Table 5. The Correlation Between TGF-β1 Levels and Some Other Characteristics
r0.490.42- 0.590.54- 0.45- 0.50- 0.49
P Value< 0.001< 0.001< 0.001< 0.001< 0.001< 0.001< 0.001

5. Discussion

The TGF-β1 has been considered as one of the main cytokines in the pathogenesis of renal inflammation and fibrosis (9). Some pathogenic evidence showed that the inflammation progressed silently and almost unrecovered in the CKD even during the early stage (10). TGF-β1 has been found to be increasing in CKD patients than in healthy individuals. Our results were similar to the reports of some other studies (11-15). Three main mechanisms increase the TGF-β1 in serum. First, the subjects of this study were CKD patients caused by glomerulonephritis, and the patients with CKD caused by other chronic diseases such as DM and HTN were excluded. With glomerulonephritis, the renal injuries often occurred with primary renal diseases due to some inflammation agents and the progression of the autoinflammation, so that inflammation were considered to be the main cause of CKD (16). Many inflammation cytokines, such as TGF-β1, had a motivating role in the progression of the disease. The TGF-β1 increase is associated with the increase of indoxyl sulfate in CKD patients, which is derived from protein in food. Some of the tryptophan from dietary protein is converted to indole by the tryptophanase of intestinal bacteria such as E. Coli indole, which is absorbed into the bloodstream from the intestine and is converted to indoxyl sulfate in the liver. Indoxyl sulfate is normally excreted in the urine. In patients with CKD with eGFR < 60 mL/min/1.73m2 serum, indoxyl sulfate increases due to decreased clearance. Research by Takashi Minyazaki et al. (cited in Niwa) demonstrated that indoxyl sulfate increases the synthesis of TGF-β1 of renal tubular cells, while indoxyl sulfate promotes the penetration of mononuclear leukocytes to the kidney and enhances synthesis into TGF-β1 (17). The third mechanism is an increase in LDL-cholesterol in CKD patients. Increased LDL-cholesterol and oxidative LDL induce the release of TGF-β1 from monocytes and macrophages. The fourth mechanism is the low-grade chronic inflammation that occurs in the early stages of CKD, which increases synthesis and releases TGF-β1.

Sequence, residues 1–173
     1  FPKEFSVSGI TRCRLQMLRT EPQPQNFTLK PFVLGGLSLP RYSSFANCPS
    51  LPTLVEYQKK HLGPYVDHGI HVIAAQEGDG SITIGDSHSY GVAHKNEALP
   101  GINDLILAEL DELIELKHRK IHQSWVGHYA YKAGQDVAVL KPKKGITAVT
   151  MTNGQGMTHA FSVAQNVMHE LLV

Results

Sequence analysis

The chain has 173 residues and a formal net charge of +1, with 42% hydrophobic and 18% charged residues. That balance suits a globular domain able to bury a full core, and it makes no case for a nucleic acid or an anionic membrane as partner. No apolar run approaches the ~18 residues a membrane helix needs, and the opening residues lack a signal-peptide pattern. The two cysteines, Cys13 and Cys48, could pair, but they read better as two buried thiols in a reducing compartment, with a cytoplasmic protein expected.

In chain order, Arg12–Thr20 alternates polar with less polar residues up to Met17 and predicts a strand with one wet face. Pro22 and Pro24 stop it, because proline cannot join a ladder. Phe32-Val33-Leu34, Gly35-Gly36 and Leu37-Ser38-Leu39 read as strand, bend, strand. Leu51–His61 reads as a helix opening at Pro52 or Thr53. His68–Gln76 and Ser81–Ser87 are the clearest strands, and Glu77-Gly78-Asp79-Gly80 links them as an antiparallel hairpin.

Our results showed the TGF-β1 level of CKD patients in Vietnam, which is a developing country with an increasing trending of CKD. Some studies demonstrated that TGF-β1 level was different in different races, and it did not depend on age and gender (18, 19). Meanwhile, other studies investigated the CKD caused by HTN and DM. Our research focused on the CKD caused by glomerulonephritis. The main damages caused by glomerulonephritis were inflammation and fibrinoids, and the TGF-β1 levels were high, equal to the renal failure status.

The first limitation of this study was the cross-sectional study. The TGF-β1 level was not followed along with the progression of the disease. The second limitation was although this study had evaluated the TGF-β1 levels, it did not show the role of TGF-β1 in kidney damage and its relationship with other inflammatory cytokines and complement.

In conclusion, our findings showed a high level of the TGF-β1 in CKD patients compared to healthy individuals, and it appeared and increased from the earliest stage of the disease.